Here’s a few thoughts that have been stirring for quite some time now. But only recently have I come to my keyboard to record them.
I want to write about church and why it’s important.
Ok, so churches often meet in particular places, but really the church is people.
But indeed, the term church often carries with it a host of memories. Maybe yours is of a Christmas Eve service with candles that ended with Silent Night. Or it’s of that long sermon on a hot day that had you fidgety and ready for ice cream. Maybe your church experiences are categorized via your sensory systems: the incense, the cologne people wore, the sound of a Hammond B3 or a pipe organ, guitar chords, a chorus of singers swaying, hands clapping.
My own experiences of church are fairly diverse, all things considered. I grew up in a church that was part of a really good preaching tradition. Concepts like the judgment of charity, of “stepping out of the boat,” and the prayer of, “God, throw the rock here!” were all concepts that moved me and challenged me. Musically we did ok, though our clapping was occasionally offbeat.
In college I was exposed to new things, like a church where I interned that changed its entire seating and design layout every six weeks and sometimes played songs by Coldplay, U2, and Elvis Costello. After college I began seminary, and as I did I also began my first real job as a youth minister in an Episcopal church from the “high church” Anglican tradition, which means they really like structure. Worship was regal yet somehow it was also warm and inviting. I sang in the same choir that Gerald R. Ford would have heard when the Grace community met on Cherry Street in Grand Rapids, just with different people. Lift High the Cross was one tune in particular that always arrested me spiritually-check it out sometimes and let it get stuck in your head for the rest of your life.
Later, I transitioned to lead worship in a small Reformed church in Wyoming, Michigan. It was casual, relaxed, with an established mission for living out Christian practices by loving one’s neighbor. Church was relationships, connections, common purpose, common life.
Since April I’ve been worshiping with a new community as a pastor for youth and families. It’s also part of the Reformed tradition. We sing some amazing and moving songs and listen to some gripping sermons. There’s also a deep yet inviting liturgy that guides the whole thing along, and the words motivate us to go out and invest in the community we inhabit. Thankfully, the church itself provides numerous opportunities for this.
So here are my three things [skip to the last one if you’re in a hurry]:
1. I’m easily distracted from imitating Jesus.
There’s this ancient song in the Old Testament. Found in Isaiah, it’s one of the “Servant Songs.” Chapter 53:6a says this: “We all, like sheep, have gone astray, each of us has turned to our own way…”
Jesus [the famous guy who turns out to be the servant that Isaiah was talking about] invites us to take up our crosses and follow him, to imitate him. This is quite a challenge. And that’s why I get distracted. I need a weekly pattern to keep me oriented to God and caring about others, a consistent habit that keeps me imagining a more integrated way of living that extends generosity and grace to others and hope for people caught in destructive patterns of living. I’ve heard plenty of people talk about how they love Jesus but not the church, and I get how church can be frustrating [there are people involved!], but after the dust settles I’m confident Jesus as well as the earliest leaders of the church intended for us to consistently meet together [Hebrews 10:25].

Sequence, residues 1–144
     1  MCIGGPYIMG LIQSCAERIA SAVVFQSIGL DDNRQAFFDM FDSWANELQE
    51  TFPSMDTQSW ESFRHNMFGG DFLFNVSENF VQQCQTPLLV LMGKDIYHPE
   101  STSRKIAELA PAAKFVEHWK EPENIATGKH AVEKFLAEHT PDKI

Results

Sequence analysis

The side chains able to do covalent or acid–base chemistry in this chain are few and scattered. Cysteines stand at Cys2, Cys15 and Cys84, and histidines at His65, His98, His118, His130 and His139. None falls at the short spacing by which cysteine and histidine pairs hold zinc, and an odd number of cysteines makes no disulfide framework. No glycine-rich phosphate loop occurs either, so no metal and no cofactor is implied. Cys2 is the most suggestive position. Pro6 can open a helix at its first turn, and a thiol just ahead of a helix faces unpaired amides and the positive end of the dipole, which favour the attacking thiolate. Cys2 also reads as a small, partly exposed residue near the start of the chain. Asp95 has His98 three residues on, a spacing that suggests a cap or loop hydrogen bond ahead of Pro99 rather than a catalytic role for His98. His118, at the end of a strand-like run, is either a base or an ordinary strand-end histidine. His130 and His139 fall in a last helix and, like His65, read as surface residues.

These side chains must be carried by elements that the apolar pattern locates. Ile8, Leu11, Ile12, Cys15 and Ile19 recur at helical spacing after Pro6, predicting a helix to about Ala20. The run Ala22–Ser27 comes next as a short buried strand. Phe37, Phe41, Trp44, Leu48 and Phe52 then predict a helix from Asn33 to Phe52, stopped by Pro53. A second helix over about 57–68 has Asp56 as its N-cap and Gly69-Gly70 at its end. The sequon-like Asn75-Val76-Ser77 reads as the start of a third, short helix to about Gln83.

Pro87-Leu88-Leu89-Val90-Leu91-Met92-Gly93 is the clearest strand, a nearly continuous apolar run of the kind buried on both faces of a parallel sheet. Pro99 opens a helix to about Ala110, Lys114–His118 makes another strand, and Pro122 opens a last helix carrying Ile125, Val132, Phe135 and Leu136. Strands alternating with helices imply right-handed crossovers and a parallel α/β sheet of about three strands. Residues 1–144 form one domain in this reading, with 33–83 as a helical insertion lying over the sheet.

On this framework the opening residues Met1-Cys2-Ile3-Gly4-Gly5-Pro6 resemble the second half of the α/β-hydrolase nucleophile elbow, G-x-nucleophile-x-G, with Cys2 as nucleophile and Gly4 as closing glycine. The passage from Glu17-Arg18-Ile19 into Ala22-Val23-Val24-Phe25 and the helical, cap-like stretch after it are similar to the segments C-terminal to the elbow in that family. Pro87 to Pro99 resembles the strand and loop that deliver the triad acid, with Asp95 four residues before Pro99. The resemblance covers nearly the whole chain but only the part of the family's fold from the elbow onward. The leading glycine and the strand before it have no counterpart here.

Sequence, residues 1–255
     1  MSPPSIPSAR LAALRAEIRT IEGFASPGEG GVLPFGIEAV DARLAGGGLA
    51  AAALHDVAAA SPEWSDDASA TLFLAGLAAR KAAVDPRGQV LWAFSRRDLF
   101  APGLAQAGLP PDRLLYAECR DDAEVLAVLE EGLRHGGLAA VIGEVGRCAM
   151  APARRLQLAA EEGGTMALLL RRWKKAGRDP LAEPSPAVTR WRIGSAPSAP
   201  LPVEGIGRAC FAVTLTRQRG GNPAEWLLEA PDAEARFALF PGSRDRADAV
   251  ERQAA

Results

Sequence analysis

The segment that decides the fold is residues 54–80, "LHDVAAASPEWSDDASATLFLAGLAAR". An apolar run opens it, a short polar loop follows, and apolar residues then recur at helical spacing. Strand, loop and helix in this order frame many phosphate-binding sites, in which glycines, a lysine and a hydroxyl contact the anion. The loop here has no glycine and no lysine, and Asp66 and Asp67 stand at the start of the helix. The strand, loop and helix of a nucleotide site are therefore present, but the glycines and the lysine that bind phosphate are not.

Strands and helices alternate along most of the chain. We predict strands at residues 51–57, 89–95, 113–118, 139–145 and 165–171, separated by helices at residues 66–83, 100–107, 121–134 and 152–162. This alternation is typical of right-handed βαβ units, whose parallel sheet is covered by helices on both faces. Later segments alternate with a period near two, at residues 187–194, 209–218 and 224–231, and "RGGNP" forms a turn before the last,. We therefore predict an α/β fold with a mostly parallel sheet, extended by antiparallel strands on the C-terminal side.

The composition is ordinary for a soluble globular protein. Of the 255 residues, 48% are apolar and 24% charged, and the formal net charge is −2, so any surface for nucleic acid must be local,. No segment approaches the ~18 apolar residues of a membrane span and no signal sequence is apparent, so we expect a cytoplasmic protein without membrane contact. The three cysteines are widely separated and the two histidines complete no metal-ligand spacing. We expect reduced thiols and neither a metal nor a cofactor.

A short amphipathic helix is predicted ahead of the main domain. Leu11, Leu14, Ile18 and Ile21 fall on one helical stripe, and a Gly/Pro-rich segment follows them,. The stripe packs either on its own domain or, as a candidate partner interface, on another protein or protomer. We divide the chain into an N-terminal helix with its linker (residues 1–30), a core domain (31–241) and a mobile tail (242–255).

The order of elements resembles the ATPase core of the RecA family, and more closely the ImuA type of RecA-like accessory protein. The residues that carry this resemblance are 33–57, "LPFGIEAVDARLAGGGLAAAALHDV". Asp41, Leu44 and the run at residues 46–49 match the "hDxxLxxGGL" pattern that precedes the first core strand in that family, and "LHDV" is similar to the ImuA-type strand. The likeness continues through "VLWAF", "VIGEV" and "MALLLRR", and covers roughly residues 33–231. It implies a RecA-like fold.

2. Church sheds meaningful light on everyday things.
For all the normal stuff of life, grocery trips and soccer games, road trips and office trips and embarrassing trips like when I flew head-over-heels down the stairway at my high school during the winter of my junior year, yes! for all these experiences, church is a place to find meaning.
By default, the average American watches Netflix programs, cooks a meal, gets a teensy bit annoyed in traffic, and sort of tries to be a good person. Church offers perspective for why movies are meaningful, reasons to enjoy the food God provides, how to see other drivers as created by God, and a path toward actually becoming the better version of yourself that Jesus sees.
3. Church is a community that turns faith into a verb.
In the words of my old friend Steve Argue who now works at Fuller Youth Institute, the church is a “faith-ing community.” Even as a pastor and genuinely committed Christian, I wonder about things, I doubt, I wrestle with God. But I’m doing that in the context of a community that is doing faith actively.
It doesn’t always work out perfectly, but we actually want to love our enemies as Jesus instructed. We actually believe there is purpose to life beyond getting oneself ahead. There is a God to be adored and understood most clearly in this enigmatic person, Jesus, who did miracles and changed the world. There are issues to confront ranging from confronting white privilege to preventing genocide.
There’s this song that really moves me. It’s all about eating and drinking in the fresh and revived world that Christians believe God is ultimately bringing about. It’s about experiencing full connection with God and rich community with others. And, like church, tasty treats are involved.
Whether or not you believe that God created us, whether or not you think Jesus was for real, and whether or not you think we are made for eternal connection with God and one another [and this involves tasty treats, of course], I’ll bet you want to believe it. And I believe you were made that way, with the hope of good things that last engraved on your soul.
And to think, your deepest longings might just be true.
That, friend, is reason enough to go to church.